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Publisher: Hindawi   (Total: 298 journals)

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Showing 1 - 200 of 298 Journals sorted alphabetically
Abstract and Applied Analysis     Open Access   (Followers: 3, SJR: 0.512, h-index: 32)
Active and Passive Electronic Components     Open Access   (Followers: 7, SJR: 0.157, h-index: 15)
Advances in Acoustics and Vibration     Open Access   (Followers: 29, SJR: 0.259, h-index: 6)
Advances in Agriculture     Open Access   (Followers: 7)
Advances in Artificial Intelligence     Open Access   (Followers: 16)
Advances in Astronomy     Open Access   (Followers: 37, SJR: 0.351, h-index: 17)
Advances in Bioinformatics     Open Access   (Followers: 18, SJR: 0.421, h-index: 8)
Advances in Chemistry     Open Access   (Followers: 15)
Advances in Civil Engineering     Open Access   (Followers: 34, SJR: 0.338, h-index: 8)
Advances in Condensed Matter Physics     Open Access   (Followers: 8, SJR: 0.248, h-index: 10)
Advances in Decision Sciences     Open Access   (Followers: 5, SJR: 0.231, h-index: 6)
Advances in Electrical Engineering     Open Access   (Followers: 20)
Advances in Fuzzy Systems     Open Access   (Followers: 5, SJR: 0.258, h-index: 7)
Advances in Hematology     Open Access   (Followers: 9, SJR: 0.892, h-index: 18)
Advances in High Energy Physics     Open Access   (Followers: 19, SJR: 0.892, h-index: 19)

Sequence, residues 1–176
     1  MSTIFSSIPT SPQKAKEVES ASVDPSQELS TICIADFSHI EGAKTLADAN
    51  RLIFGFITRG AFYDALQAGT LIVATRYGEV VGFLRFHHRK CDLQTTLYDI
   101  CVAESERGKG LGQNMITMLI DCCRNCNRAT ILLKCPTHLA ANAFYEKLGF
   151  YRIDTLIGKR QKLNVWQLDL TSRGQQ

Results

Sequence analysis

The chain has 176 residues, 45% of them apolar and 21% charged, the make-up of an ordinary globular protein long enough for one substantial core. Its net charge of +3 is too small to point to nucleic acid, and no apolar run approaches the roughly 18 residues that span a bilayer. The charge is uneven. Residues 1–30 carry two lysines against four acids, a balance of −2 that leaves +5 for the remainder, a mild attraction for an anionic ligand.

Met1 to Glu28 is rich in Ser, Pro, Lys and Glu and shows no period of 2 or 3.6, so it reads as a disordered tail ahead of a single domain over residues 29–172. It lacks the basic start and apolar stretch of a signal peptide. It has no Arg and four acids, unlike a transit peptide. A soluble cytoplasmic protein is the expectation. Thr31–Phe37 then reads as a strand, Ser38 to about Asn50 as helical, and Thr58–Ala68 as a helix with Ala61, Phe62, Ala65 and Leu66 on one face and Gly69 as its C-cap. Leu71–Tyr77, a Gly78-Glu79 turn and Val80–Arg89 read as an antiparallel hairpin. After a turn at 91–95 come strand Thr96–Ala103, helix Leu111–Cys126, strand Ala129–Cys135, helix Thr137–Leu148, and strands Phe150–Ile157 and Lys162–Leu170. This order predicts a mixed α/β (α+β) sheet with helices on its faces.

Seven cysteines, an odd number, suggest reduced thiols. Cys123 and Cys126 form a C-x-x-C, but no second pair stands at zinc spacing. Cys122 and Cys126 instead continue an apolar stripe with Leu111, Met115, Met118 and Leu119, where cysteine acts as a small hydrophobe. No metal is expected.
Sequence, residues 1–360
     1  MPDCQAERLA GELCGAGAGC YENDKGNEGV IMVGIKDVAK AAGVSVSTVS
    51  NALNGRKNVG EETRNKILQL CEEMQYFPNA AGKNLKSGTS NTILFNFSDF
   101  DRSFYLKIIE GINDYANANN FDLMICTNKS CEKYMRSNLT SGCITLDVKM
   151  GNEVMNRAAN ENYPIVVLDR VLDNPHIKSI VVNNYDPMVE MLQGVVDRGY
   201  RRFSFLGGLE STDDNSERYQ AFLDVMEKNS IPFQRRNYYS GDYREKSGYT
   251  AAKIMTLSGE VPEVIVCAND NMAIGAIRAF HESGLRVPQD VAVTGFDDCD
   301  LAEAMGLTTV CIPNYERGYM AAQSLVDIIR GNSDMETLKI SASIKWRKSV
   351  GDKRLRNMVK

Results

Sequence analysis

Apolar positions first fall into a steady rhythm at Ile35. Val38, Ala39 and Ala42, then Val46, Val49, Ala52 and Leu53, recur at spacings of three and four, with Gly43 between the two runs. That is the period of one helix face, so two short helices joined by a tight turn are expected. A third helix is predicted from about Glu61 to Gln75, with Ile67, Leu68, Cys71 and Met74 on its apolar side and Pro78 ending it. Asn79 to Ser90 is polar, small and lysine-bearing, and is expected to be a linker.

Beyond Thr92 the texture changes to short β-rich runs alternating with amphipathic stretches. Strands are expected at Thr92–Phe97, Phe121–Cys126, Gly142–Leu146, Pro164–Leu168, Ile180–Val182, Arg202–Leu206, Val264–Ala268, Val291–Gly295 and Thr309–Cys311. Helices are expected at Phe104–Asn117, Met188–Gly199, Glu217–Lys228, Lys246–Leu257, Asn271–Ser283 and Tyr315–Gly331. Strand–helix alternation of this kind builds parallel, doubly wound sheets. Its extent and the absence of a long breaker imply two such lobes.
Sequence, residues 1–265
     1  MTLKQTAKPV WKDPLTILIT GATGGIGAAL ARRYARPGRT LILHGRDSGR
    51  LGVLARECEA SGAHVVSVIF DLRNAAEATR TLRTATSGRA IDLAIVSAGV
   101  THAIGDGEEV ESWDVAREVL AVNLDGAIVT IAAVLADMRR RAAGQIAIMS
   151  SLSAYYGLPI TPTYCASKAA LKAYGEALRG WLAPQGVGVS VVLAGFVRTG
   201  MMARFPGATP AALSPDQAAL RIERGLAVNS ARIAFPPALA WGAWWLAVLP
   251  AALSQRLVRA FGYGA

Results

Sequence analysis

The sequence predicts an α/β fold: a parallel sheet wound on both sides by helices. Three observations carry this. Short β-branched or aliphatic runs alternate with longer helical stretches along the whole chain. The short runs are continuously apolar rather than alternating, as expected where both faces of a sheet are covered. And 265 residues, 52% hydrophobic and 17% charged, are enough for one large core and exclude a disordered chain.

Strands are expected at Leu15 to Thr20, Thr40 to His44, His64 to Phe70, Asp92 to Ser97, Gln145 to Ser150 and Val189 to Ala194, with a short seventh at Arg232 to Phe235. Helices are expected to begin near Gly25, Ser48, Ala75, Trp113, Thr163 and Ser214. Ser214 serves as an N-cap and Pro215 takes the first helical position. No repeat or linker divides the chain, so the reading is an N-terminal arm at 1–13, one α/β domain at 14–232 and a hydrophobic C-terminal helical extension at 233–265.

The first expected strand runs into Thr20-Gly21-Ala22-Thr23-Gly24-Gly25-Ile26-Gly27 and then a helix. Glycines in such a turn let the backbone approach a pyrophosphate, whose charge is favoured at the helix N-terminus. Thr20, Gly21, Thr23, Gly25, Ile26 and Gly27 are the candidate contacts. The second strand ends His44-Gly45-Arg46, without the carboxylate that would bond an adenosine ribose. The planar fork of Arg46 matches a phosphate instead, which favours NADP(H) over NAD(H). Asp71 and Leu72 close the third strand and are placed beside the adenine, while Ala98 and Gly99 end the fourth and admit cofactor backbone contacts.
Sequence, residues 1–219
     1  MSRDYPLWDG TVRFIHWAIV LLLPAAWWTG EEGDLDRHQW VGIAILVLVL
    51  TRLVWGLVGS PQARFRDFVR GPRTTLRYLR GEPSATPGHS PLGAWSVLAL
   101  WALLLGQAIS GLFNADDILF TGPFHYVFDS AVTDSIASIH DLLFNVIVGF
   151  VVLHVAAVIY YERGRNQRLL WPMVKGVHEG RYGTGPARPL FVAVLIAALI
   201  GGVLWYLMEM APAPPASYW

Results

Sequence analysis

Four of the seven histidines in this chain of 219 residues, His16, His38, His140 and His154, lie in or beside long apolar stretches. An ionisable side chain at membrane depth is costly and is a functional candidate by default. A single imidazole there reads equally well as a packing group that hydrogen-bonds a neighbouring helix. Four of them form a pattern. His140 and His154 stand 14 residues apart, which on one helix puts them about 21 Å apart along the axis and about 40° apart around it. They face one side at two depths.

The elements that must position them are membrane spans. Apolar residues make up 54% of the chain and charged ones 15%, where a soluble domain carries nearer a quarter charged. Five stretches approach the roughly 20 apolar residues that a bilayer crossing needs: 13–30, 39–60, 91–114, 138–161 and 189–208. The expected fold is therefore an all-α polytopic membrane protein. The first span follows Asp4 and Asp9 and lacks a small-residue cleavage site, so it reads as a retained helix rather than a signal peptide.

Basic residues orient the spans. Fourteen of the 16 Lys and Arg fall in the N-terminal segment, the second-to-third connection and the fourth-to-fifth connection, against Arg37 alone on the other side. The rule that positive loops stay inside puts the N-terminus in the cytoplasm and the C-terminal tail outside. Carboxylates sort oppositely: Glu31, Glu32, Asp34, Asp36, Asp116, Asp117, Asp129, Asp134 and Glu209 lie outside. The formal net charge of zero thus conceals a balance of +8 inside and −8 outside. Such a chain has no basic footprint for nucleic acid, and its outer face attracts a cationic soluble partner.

Advances in Human-Computer Interaction     Open Access   (Followers: 20, SJR: 0.439, h-index: 9)
Advances in Materials Science and Engineering     Open Access   (Followers: 32, SJR: 0.263, h-index: 11)
Advances in Mathematical Physics     Open Access   (Followers: 5, SJR: 0.332, h-index: 10)
Advances in Medicine     Open Access   (Followers: 2)
Advances in Meteorology     Open Access   (Followers: 18, SJR: 0.498, h-index: 10)
Advances in Multimedia     Open Access   (Followers: 2, SJR: 0.191, h-index: 10)
Advances in Nonlinear Optics     Open Access   (Followers: 5)
Advances in Numerical Analysis     Open Access   (Followers: 4)
Advances in Operations Research     Open Access   (Followers: 11, SJR: 0.343, h-index: 7)
Advances in Optical Technologies     Open Access   (Followers: 3, SJR: 0.283, h-index: 16)
Advances in OptoElectronics     Open Access   (Followers: 5, SJR: 0.973, h-index: 16)
Advances in Orthopedic Surgery     Open Access   (Followers: 10)
Advances in Orthopedics     Open Access   (Followers: 9)
Advances in Pharmacological Sciences     Open Access   (Followers: 6, SJR: 0.695, h-index: 13)
Advances in Physical Chemistry     Open Access   (Followers: 11, SJR: 0.297, h-index: 7)
Advances in Power Electronics     Open Access   (Followers: 26, SJR: 0.26, h-index: 6)
Advances in Preventive Medicine     Open Access   (Followers: 6)
Advances in Public Health     Open Access   (Followers: 23)
Advances in Tribology     Open Access   (Followers: 10, SJR: 0.267, h-index: 6)
Advances in Urology     Open Access   (Followers: 10, SJR: 0.629, h-index: 16)
Advances in Virology     Open Access   (Followers: 7, SJR: 1.04, h-index: 12)
AIDS Research and Treatment     Open Access   (Followers: 3, SJR: 1.125, h-index: 14)